What to Expect: Unless Monstro takes the same approach here that he did against Vitor Miranda, this will be a striker vs. grappler showdown. Pezao struggles on the ground and Monstro isn't very accurate or technical on the feet. Look for Pezao to be difficult to get down which is when Monstro will look to turn it into a slugfest.
If Pezao gets taken down with Monstro in a dominant position, it will likely be over shortly thereafter. As Pezao showed against Carlos, he is very uncomfortable on the ground and is fairly easily submitted.
Monstro will have more ways to win the match with his wild punches and his submission abilities, but Pezao has the more direct path to victory with his measured kicks and punches. I suppose I should have said this earlier, but if the slugfest erupts, look for Pezao to remain largely calm and try to counter Monstro. As precise a striker as he is, it shouldn't be too difficult for him.
X-Factors: Monstro's style worries me. He has only left the first round once in an official match and the way he fights tends to lead to exhaustion as his fight with Miranda showed. Pezao is much more calm in the Octagon. I also gotta believe that Pezao's experience in Strikeforce will help him with the bright lights of the Octagon.
Who Will Win: This is a very difficult match to pick. It largely depends upon if Monstro is able to get Pezao down. If he does, it feels as though it will be academic. If not, I favor Pezao, but not as much as I would Monstro on the ground. Despite all of this, I'm going with Pezao since I don't think Monstro will get him down and Pezao has more to lose... he ain't no engineer. Pezao by TKO 1st Round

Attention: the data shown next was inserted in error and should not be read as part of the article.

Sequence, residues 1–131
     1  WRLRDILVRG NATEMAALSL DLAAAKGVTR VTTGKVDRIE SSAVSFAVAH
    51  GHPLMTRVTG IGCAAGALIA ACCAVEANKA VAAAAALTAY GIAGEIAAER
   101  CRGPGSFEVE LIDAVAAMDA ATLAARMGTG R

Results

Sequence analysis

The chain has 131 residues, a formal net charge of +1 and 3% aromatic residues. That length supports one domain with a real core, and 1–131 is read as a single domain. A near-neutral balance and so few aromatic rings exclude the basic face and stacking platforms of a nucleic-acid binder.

Story Thus Far: Munhoz is a highly touted prospect that got fed to the wolves in his UFC debut against Raphael Assuncao. Granted, he was a late injury replacement and he actually held his own in there against the potential title challenger. A fairly recent move to Kings MMA and a regional circuit victory over UFC veteran Jeff Curran (winning the RFA title) indicates that he just may end up reaching his vast potential.
Hobar was a champion himself for Legacy FC, submitting Angel Huerta in the first round last summer for the vacant belt. "The Crowbar" suffered his only defeat due to an arm injury (elbow dislocation) and avenged that loss in his next fight. He fights out of Octagon MMA, which isn't a large camp, but is home to fellow UFC fighter Sean Spencer..
Fighting Style: Munhoz is a legit BJJ black belt, which tells you that he is a submission specialist. But he is actually capable of getting the fight to the ground unlike many other specialists as he has shown very solid wrestling.. He didn't have an opportunity against Assuncao, but he didn't let Assuncao do much besides pass his guard when Assuncao took top control. He is limited by a 65' reach, but his boxing has been developing to go with his Muay Thai and he throws in a good supply of leg kicks too. His movement could use some work as Assuncao teed off on him throughout the fight.